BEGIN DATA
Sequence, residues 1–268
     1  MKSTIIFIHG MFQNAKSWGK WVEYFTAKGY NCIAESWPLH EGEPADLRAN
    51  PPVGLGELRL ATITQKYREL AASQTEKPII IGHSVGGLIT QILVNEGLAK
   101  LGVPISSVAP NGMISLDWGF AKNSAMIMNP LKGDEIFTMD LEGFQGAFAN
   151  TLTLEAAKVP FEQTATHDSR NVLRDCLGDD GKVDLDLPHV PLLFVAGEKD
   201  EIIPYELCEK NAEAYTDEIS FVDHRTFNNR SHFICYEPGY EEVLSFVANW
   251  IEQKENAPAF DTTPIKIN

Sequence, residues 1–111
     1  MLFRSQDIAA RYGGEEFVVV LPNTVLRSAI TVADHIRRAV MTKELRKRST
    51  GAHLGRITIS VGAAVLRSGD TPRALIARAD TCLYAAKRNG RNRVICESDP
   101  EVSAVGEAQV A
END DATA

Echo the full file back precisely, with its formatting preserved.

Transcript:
Sequence, residues 1–268
     1  MKSTIIFIHG MFQNAKSWGK WVEYFTAKGY NCIAESWPLH EGEPADLRAN
    51  PPVGLGELRL ATITQKYREL AASQTEKPII IGHSVGGLIT QILVNEGLAK
   101  LGVPISSVAP NGMISLDWGF AKNSAMIMNP LKGDEIFTMD LEGFQGAFAN
   151  TLTLEAAKVP FEQTATHDSR NVLRDCLGDD GKVDLDLPHV PLLFVAGEKD
   201  EIIPYELCEK NAEAYTDEIS FVDHRTFNNR SHFICYEPGY EEVLSFVANW
   251  IEQKENAPAF DTTPIKIN

Sequence, residues 1–111
     1  MLFRSQDIAA RYGGEEFVVV LPNTVLRSAI TVADHIRRAV MTKELRKRST
    51  GAHLGRITIS VGAAVLRSGD TPRALIARAD TCLYAAKRNG RNRVICESDP
   101  EVSAVGEAQV A